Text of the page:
Responding to Market Dynamics – A Frontline case study

In Tanzania, liquor sachets – 50ml and 100ml packs, had contributed a significant share to the overall liquor category, and were a key driver of spirit sales.

It was pretty simple: The sachets were low priced, and had very decent alcohol levels – good bang for the buck from the consumer point of view. The result was that sales grew quickly, and at one point these sachets were being sold on the street, by local hawkers.  This lead to uncontrolled sales and purchases. Sales to minors increased, and this quickly became a nationwide problem. At that point, the government stepped in and put a total ban on all sachet sales within its borders.

This clampdown caused a major shift in market dynamics. In fact, the total size of the alcohol market declined rapidly.

Our client, a leading player in the spirits and beer sector, asked us to consider the effect of the clampdown and investigate how they should proceed.

Through advanced data analytics, we were able to identify that, while some consumers up-streamed to a higher value spirit, a large portion of spirit sachet consumers had shifted to the more affordable “value beer” segment. However, our clients’ value beer offering did not seem to be benefiting from the increased sales in this category.

We headed into the market, and began visiting outlets where we had seen shifts in sales patterns.

It soon became clear that outlets were pushing up the price on our client’s value beers – hindering consumer shift to their brands. We were able to use our mapping systems to plot these outlets, and their demographics, and extrapolate this data to other areas, containing outlets at risk.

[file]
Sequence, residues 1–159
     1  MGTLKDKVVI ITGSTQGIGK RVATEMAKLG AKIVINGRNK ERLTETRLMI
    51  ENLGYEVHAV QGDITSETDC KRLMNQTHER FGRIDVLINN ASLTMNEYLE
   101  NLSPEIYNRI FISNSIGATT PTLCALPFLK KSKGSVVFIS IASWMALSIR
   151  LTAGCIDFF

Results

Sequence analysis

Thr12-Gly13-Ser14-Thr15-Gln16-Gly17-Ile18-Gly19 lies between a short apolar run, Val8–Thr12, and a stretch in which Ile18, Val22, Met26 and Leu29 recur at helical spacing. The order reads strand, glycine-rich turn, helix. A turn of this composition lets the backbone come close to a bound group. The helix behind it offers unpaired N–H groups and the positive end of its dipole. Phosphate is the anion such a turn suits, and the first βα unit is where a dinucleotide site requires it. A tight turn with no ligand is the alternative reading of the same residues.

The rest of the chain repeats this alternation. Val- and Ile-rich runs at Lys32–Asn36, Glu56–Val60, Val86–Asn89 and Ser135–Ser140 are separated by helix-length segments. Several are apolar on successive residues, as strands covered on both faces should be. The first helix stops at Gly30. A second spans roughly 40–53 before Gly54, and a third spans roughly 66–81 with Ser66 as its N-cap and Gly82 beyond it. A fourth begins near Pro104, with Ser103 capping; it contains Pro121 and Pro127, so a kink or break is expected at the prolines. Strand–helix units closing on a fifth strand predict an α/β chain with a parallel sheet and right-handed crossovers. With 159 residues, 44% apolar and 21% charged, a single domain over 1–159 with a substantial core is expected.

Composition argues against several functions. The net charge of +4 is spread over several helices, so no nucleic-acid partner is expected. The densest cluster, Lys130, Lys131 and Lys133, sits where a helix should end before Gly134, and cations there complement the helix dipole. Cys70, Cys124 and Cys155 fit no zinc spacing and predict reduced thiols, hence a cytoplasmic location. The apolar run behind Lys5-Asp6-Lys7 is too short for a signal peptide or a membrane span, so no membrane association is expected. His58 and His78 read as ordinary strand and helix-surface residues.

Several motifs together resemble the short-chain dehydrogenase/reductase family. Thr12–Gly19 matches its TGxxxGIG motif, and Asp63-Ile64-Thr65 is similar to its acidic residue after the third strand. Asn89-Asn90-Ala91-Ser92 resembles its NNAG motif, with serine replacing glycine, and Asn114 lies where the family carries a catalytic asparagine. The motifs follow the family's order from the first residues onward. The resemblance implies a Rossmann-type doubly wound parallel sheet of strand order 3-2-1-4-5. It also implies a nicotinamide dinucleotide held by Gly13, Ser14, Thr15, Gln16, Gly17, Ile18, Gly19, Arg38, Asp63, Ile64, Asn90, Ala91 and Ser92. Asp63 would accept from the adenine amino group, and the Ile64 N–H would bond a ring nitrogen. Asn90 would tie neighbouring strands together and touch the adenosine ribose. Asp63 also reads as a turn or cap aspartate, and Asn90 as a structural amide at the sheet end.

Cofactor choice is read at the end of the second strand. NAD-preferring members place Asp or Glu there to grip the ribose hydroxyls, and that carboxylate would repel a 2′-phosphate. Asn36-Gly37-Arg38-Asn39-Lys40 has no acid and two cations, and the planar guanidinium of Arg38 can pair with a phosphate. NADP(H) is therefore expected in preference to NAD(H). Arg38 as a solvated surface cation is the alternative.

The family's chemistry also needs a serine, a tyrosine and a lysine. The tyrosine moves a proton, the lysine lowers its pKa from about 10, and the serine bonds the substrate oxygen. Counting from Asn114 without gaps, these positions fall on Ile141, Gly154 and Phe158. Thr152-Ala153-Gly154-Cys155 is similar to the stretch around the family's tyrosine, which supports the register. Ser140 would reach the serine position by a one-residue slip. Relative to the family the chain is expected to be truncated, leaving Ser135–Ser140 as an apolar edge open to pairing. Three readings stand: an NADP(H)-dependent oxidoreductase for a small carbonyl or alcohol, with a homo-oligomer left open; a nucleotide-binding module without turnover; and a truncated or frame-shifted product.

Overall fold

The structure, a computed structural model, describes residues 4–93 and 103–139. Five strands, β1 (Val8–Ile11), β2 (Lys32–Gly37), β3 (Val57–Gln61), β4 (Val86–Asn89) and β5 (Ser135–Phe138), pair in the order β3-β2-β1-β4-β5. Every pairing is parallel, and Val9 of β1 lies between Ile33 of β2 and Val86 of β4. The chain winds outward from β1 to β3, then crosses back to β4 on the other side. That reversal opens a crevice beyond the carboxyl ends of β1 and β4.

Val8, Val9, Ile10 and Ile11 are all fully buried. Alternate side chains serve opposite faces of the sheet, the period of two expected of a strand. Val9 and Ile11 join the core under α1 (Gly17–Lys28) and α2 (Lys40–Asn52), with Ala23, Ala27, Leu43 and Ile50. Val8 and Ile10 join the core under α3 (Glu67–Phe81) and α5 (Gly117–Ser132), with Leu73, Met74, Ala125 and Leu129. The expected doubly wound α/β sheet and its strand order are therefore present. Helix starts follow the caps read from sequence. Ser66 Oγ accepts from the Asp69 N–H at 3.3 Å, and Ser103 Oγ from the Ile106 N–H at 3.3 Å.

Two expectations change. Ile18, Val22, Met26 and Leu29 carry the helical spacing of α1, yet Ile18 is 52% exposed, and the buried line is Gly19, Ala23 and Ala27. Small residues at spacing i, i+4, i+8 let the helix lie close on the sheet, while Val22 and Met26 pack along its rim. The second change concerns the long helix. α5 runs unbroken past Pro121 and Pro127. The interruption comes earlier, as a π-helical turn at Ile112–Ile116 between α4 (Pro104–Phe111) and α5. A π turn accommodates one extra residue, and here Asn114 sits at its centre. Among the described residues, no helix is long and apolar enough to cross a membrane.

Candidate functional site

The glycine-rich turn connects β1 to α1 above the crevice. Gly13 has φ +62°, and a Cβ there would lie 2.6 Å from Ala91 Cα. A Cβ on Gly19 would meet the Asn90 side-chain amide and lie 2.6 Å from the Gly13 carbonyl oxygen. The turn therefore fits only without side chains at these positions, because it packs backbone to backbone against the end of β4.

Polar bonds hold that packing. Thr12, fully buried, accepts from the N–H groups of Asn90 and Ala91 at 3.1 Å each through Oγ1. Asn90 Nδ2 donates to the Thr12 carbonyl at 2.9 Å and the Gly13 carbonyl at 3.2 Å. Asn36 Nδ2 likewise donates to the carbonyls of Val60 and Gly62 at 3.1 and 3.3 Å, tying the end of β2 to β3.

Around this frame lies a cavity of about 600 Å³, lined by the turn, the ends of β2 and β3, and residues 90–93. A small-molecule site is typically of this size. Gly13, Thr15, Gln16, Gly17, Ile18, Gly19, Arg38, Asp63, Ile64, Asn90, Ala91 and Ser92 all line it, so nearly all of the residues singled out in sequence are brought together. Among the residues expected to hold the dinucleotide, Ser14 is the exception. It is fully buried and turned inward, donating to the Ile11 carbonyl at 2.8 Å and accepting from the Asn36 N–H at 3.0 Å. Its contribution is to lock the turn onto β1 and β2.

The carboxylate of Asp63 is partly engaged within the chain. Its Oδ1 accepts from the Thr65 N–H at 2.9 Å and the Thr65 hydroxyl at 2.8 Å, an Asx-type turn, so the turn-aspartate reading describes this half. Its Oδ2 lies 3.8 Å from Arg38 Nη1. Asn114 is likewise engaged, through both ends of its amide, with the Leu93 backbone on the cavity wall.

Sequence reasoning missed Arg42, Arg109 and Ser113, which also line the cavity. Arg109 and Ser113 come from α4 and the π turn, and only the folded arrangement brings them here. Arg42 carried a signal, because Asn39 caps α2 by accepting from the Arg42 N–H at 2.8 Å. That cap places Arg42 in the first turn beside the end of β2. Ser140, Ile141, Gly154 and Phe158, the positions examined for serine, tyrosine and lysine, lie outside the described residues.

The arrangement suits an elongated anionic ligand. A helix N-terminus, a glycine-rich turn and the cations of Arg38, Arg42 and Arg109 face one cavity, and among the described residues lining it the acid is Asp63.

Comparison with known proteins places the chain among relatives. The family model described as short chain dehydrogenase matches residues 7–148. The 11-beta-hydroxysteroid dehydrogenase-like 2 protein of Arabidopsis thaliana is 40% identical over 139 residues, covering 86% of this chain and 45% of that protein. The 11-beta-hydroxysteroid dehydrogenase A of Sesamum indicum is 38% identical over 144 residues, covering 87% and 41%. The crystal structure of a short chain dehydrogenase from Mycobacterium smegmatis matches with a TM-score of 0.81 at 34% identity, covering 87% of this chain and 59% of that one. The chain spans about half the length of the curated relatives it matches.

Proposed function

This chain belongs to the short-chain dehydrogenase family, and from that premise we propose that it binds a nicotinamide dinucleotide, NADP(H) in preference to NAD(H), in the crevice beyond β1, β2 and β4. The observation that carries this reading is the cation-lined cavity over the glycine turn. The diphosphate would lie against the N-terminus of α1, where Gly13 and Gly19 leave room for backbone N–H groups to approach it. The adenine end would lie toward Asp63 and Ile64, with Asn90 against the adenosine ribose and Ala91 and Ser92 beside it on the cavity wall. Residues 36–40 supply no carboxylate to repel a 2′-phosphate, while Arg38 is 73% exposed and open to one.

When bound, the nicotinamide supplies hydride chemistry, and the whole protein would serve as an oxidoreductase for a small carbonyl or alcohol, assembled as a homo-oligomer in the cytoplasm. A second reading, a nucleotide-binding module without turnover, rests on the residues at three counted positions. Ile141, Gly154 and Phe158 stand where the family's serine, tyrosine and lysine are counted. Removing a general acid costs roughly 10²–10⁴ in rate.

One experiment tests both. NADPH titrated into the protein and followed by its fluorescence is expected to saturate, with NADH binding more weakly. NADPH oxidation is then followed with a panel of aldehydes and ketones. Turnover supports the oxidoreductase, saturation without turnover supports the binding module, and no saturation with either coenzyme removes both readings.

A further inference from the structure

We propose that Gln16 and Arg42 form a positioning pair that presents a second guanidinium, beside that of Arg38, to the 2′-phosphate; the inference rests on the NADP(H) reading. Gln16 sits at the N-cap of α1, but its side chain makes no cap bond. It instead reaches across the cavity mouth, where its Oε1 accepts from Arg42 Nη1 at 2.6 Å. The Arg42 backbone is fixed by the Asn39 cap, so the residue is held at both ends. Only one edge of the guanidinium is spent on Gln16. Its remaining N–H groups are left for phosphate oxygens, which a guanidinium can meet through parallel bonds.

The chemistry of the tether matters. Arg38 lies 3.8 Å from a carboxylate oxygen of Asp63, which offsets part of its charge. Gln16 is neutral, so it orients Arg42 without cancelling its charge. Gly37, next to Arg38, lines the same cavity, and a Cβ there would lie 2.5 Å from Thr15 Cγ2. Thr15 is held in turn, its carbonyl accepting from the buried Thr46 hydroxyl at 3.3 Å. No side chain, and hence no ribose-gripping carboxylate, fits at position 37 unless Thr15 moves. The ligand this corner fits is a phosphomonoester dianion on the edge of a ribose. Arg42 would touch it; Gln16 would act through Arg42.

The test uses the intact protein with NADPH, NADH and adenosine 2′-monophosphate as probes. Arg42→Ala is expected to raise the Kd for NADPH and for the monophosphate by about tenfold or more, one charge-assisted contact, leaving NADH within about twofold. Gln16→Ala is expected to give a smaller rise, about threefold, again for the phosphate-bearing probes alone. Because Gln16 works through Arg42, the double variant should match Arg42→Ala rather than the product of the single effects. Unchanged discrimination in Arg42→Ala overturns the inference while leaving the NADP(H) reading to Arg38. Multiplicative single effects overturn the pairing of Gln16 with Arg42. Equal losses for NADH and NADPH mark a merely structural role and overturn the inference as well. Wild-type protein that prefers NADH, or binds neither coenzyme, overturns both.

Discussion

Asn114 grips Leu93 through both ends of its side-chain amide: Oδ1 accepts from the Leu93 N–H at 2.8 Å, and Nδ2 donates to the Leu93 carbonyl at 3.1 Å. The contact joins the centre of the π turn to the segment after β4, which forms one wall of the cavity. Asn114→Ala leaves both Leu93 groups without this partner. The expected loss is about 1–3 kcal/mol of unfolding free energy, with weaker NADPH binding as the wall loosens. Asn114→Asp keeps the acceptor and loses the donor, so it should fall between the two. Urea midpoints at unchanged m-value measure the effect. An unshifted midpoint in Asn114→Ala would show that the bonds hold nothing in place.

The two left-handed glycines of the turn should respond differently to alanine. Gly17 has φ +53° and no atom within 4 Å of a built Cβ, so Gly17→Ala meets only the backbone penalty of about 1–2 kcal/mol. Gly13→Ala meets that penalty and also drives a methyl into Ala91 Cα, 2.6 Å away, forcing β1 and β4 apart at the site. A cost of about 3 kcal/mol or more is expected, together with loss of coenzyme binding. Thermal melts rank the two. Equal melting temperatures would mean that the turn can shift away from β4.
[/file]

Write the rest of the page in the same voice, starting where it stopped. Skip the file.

At the same time, we conducted a price analysis and identified price points where optimal sales were being achieved. Armed with this information, we had a win-win situation where both our client and the traders could benefit from better sales at the right price.

The client launched a trader and consumer information drive and, coupled with incentive offerings for traders, soon began to see an upswing in sales. At present, sales continue to grow, and what’s nice about that is everyone seems to have gained. For our client, a better share of the market, for the shopkeeper, better turnover, and for the consumer, a product offered at a fair price.

Frontline Research – Yes, we know Africa!

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By Leander Gouws & Kevin Abraham

4 thoughts on “Responding to Market Dynamics – A Frontline case study”

    1. Hi Adam
      Our brief was not to contain the sale of alcohol to minors, but to analyse the impact that the government ban on the sale of these sachets, would have on the market, and more specifically, our client.
      So, to answer your question simply, our research did not focus on the specific attribute of sales to minors, but the market as a whole.

  1. How were you able to help reverse volume declines on the spirit sachets after the ban? It seems like you helped with the secondary issue (miss-priced “value beer”) vs the primary one I.e. declines in gin sales due to sachet ban.

    1. Hi Langa
      Our aim was not to reverse the “volume declines on the spirit sachets”, but rather to understand the affect this ban had on the market, and how our client could limit this affect to themselves. We found that the consumer move was to the bottled spirits, and to the “value beer” segment. This was driven by the consumer, and the affordability of the products. We noticed that our client was not benefiting from this shift, due to the pricing issues in certain outlets. Once this was rectified, the sales increased, and our client, and their customers, benefited from the results of the research analysis.

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